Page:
The world's economic storm has hit and it has shown us that while sub- Saharan Africa's nascent globalisation has brought huge benefits, these benefits are fragile and global integration can all too easily take back what it gives. Indeed, critics of globalisation might argue that it's no longer the case that Africa is doing well because of globalisation: Africa, they might claim, is surviving despite globalisation.
The global recession has re-ignited the perennial crisis of faith, or direction, in African development. Should it be trade, not aid, for the developing world? Has aid failed, and should it be replaced by private investment even as private flows fall?
In truth these are not the choices they are posed as. Aid, trade and investment are all needed. They are mutually dependent, and no one must drive out the other. But I would pose a different challenge for Africa during this recession. Use the opportunity of the crisis to speed up the process of regional integration: economically, in terms of trade and infrastructure; politically, in terms of institutions and the African Union; and socially and culturally, in terms of Africa's impact on the world stage and its sense of solidarity at home.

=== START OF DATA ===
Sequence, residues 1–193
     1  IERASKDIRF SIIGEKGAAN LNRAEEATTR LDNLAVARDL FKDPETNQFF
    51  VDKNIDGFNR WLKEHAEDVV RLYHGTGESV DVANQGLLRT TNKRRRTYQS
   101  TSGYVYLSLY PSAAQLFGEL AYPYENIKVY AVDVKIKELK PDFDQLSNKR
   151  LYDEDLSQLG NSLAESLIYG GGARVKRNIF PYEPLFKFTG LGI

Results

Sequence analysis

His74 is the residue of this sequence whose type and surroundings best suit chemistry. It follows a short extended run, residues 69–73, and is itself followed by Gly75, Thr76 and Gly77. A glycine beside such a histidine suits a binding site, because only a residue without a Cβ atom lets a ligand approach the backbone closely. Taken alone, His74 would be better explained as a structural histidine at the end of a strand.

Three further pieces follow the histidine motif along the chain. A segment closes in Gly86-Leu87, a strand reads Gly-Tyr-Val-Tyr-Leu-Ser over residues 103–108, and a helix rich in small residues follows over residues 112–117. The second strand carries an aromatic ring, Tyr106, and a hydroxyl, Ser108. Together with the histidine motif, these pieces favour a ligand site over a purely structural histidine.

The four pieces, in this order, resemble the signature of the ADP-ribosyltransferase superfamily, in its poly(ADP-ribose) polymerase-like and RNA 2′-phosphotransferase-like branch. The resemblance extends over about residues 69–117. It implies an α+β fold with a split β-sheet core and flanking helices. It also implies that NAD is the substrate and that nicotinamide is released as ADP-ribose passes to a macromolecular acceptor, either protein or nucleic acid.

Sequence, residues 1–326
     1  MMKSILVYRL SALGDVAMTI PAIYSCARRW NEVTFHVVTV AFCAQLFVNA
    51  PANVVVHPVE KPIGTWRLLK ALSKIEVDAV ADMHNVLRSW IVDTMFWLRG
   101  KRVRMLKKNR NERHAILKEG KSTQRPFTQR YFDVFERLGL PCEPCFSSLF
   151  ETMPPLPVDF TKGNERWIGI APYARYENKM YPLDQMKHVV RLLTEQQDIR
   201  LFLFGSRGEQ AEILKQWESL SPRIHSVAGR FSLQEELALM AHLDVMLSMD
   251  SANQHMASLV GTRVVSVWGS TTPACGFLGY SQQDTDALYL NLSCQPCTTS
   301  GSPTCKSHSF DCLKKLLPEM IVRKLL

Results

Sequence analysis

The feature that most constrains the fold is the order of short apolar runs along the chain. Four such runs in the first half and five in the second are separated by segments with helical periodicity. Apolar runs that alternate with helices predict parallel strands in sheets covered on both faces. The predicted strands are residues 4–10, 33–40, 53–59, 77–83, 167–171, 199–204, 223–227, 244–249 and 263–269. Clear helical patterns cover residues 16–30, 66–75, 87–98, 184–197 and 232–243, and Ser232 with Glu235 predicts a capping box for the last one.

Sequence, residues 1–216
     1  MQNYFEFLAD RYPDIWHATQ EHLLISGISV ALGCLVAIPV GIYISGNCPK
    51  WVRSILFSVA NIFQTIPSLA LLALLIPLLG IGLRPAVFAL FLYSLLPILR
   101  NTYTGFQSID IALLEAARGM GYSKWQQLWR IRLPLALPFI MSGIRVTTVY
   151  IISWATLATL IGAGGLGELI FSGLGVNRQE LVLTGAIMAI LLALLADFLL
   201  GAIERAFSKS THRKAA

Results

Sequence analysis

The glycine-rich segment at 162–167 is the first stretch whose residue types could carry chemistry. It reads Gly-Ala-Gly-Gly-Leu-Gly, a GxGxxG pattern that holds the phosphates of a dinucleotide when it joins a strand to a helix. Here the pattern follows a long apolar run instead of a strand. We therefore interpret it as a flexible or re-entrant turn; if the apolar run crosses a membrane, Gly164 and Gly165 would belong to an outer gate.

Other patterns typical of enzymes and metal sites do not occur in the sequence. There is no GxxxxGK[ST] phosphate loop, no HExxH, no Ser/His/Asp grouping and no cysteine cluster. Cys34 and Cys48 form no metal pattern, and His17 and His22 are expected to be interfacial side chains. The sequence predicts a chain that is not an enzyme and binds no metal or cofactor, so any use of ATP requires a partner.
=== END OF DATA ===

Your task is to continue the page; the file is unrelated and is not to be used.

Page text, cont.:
The way to seize the opportunity is this: it is for Africa – its leaders, policy makers, civil society, businessmen and women – to make a collective investment in building Africa-wide markets and institutions. If Africa is to weave the social safety nets that lift its people out of poverty, if Africa is to build the businesses that give its people jobs, if Africa is to deepen democracy to put sovereignty firmly in the hands of its people then it's through a regional push that it will get there.
But let me be clear that this is not a veiled call for a united states of Africa, but rather like the EU using economic integration and regional institutions as the vehicles for national success. This is my response to the false choices of aid versus trade versus private investment. The real choice is building an Africa of competitive global scale in both markets and institutions. And that regional integration will take both public and private leadership and effort.
Taken from a speech – 'Africa: Weathering the Storm' by the Minister for Africa, Asia and the UN, Foreign and Commonwealth Office at Chatham House; www.chathamhouse.org